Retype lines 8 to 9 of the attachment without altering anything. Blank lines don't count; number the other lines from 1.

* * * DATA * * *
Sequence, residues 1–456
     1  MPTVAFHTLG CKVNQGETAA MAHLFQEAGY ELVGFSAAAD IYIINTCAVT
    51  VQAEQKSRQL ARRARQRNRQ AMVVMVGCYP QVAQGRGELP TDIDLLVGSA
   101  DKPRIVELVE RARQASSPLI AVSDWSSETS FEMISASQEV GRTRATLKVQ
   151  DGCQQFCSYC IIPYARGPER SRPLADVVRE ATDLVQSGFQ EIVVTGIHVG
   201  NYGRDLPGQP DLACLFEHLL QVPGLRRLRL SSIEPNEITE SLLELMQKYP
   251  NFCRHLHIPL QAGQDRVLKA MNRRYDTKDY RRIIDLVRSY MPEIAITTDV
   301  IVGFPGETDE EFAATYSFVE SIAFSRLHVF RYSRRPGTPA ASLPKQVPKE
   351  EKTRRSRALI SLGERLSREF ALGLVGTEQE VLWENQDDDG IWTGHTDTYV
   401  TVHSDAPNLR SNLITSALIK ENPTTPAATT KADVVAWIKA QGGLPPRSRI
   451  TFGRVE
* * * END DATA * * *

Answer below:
   301  IVGFPGETDE EFAATYSFVE SIAFSRLHVF RYSRRPGTPA ASLPKQVPKE
   351  EKTRRSRALI SLGERLSREF ALGLVGTEQE VLWENQDDDG IWTGHTDTYV